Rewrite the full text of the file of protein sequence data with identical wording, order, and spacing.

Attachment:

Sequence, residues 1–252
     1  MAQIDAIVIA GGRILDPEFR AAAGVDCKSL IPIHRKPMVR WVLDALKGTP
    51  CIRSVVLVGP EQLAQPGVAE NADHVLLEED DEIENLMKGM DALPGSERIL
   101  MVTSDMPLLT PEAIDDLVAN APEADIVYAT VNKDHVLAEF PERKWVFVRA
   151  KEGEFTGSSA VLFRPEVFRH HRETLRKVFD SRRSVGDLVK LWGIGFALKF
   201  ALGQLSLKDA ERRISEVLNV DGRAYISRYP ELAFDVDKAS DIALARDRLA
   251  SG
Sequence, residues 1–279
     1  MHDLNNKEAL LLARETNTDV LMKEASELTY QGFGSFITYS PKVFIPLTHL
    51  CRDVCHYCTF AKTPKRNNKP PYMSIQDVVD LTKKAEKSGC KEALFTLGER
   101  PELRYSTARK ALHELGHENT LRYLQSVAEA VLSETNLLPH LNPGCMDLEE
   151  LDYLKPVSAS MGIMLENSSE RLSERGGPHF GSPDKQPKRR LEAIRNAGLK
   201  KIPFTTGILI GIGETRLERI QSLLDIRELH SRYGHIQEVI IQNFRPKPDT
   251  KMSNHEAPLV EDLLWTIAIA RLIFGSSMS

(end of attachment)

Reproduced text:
Sequence, residues 1–252
     1  MAQIDAIVIA GGRILDPEFR AAAGVDCKSL IPIHRKPMVR WVLDALKGTP
    51  CIRSVVLVGP EQLAQPGVAE NADHVLLEED DEIENLMKGM DALPGSERIL
   101  MVTSDMPLLT PEAIDDLVAN APEADIVYAT VNKDHVLAEF PERKWVFVRA
   151  KEGEFTGSSA VLFRPEVFRH HRETLRKVFD SRRSVGDLVK LWGIGFALKF
   201  ALGQLSLKDA ERRISEVLNV DGRAYISRYP ELAFDVDKAS DIALARDRLA
   251  SG
Sequence, residues 1–279
     1  MHDLNNKEAL LLARETNTDV LMKEASELTY QGFGSFITYS PKVFIPLTHL
    51  CRDVCHYCTF AKTPKRNNKP PYMSIQDVVD LTKKAEKSGC KEALFTLGER
   101  PELRYSTARK ALHELGHENT LRYLQSVAEA VLSETNLLPH LNPGCMDLEE
   151  LDYLKPVSAS MGIMLENSSE RLSERGGPHF GSPDKQPKRR LEAIRNAGLK
   201  KIPFTTGILI GIGETRLERI QSLLDIRELH SRYGHIQEVI IQNFRPKPDT
   251  KMSNHEAPLV EDLLWTIAIA RLIFGSSMS